The organizers took heat after announcing the event at the beginning of February without revealing any headliners, while still asking 50 euros for tickets. The price of a ticket to the two-day festival now costs 60 euros, but in June the price will be 90 euros.
The original three-day festival was subtitled “Glastnost Rock - Rock for Peace!” and was held during a time of increasing defiance against Soviet rule. The free event attracted 190,000 people.
Rock Summer was then repeated nearly every year for the following decade, attracting names like Iggy Pop and Shaggy to what was otherwise a backwater of the international music circuit. The last time it was held was in 1997, after which the organizers went bankrupt.
“When younger people buy a tablet computer, they do not think that you can visit 10 to 20 concerts for the same price. In respect to the older generation, the sort of festival we are organizing has not been seen in Estonia for a while,” Makarov said.
Rock Summer, which became the biggest rock festival in Eastern Europe, was held nine times altogether. Only once, in 1990, was it cancelled due to political instability. The last one was held in 1997. The time for big festivals in Estonia is over.
The bash that brought many popular foreign artists of the time to Tallinn gave the youth behind the “Iron Curtain” for the first time the chance to feel as part of the world. For musicians it offered face-to-face contact with an audience thirsty for rock, who – to the artists’ biggest surprise – not only knew their songs by heart, but sang along with them!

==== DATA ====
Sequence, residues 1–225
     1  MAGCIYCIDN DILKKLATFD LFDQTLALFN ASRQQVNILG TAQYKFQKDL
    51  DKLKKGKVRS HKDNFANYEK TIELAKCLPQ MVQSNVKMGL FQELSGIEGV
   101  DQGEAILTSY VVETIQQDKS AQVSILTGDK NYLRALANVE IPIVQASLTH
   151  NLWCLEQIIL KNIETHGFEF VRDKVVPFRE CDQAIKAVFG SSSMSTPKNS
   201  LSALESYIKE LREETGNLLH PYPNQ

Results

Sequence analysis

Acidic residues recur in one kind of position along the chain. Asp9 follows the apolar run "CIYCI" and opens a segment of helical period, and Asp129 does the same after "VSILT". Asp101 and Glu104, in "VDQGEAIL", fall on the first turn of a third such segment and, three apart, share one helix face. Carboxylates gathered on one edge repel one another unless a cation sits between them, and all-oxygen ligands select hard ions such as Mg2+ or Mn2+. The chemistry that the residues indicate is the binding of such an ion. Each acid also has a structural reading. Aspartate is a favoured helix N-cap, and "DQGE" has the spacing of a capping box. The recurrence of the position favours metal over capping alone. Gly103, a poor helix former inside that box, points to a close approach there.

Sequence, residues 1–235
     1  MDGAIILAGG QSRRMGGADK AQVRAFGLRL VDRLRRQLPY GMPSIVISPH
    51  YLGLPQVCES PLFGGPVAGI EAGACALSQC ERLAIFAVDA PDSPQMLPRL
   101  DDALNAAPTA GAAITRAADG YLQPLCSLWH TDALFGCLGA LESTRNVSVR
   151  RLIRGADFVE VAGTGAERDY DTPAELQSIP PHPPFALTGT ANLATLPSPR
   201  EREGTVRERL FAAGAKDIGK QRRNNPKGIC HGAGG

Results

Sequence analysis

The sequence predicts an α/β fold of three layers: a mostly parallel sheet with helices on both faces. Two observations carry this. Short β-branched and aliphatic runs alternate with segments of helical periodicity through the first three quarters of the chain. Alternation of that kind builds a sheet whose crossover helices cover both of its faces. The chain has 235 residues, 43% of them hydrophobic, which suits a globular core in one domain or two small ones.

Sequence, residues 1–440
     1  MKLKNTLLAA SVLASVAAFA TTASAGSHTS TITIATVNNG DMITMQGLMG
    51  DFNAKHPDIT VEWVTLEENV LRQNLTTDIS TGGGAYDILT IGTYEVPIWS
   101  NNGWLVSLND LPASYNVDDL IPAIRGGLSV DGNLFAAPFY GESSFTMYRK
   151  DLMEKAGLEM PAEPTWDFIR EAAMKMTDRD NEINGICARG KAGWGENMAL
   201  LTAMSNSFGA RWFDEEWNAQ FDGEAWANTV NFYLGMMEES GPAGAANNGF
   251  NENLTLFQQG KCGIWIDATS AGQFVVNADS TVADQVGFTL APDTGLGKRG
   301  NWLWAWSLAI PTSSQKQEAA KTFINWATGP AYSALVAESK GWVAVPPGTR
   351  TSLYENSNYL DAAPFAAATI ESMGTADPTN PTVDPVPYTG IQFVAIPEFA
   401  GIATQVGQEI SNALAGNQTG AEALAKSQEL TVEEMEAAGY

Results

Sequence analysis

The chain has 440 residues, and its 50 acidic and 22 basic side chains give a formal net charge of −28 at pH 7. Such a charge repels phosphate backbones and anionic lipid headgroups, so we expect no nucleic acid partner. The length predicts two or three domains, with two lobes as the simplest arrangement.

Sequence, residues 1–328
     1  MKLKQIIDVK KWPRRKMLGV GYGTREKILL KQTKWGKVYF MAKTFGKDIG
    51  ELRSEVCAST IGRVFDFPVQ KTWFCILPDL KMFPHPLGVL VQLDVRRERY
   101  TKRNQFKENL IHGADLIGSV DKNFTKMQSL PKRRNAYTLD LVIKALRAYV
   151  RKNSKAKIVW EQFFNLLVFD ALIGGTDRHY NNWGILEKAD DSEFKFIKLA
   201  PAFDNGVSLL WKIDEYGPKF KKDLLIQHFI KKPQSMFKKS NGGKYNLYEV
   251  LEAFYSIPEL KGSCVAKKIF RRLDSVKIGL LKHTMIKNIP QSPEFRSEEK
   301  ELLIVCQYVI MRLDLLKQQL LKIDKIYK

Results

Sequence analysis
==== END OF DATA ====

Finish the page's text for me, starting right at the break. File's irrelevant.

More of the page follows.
“Although it is impossible to restore all that now, a quarter of a century later, and that is not our aim, we would still wish to create that indescribable feeling as much as possible. For former fans to live it through again, and younger ones who have only heard about it from stories told by their parents, to have an opportunity to feel it for themselves for the first time in their lives,” Makarov said, explaining the idea of Rock Summer 25. “The best way to describe this succession of generations is probably the fact that the master of ceremonies of this year’s festival, Ivo Linna, will share this position with his son Robert, who at the time of the first festival was just a five-year old kid, but now is with his band “Elephants From Neptune” on his way to the premier league of Estonian rock.
Makarov also added that this year’s Rock Summer is a one-off event to celebrate the 25th anniversary of its birth and organizers do not intend to revive the festival and start organizing it every year.
The two-day festival will be held, as is traditional, at the Tallinn Song Festival Grounds on June 15 - 16. There will be three stages, with music varying from guitar to heavy rock, from blues to electronic dance music, from metal to hip hop, with more than 30 artists. So there will be something to cater to the needs of music lovers of all tastes and ages and there will also be a nostalgic nod to the times 25 years back.
For more information about the festival and tickets please visit: www.rocksummer.ee
Source: The Baltic Times